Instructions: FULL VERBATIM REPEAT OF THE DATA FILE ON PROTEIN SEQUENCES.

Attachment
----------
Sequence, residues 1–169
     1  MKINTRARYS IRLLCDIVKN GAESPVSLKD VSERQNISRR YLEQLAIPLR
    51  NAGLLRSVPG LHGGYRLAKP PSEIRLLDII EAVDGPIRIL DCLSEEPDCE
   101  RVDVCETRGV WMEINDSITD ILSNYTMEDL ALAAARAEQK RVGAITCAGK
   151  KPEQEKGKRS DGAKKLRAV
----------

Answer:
Sequence, residues 1–169
     1  MKINTRARYS IRLLCDIVKN GAESPVSLKD VSERQNISRR YLEQLAIPLR
    51  NAGLLRSVPG LHGGYRLAKP PSEIRLLDII EAVDGPIRIL DCLSEEPDCE
   101  RVDVCETRGV WMEINDSITD ILSNYTMEDL ALAAARAEQK RVGAITCAGK
   151  KPEQEKGKRS DGAKKLRAV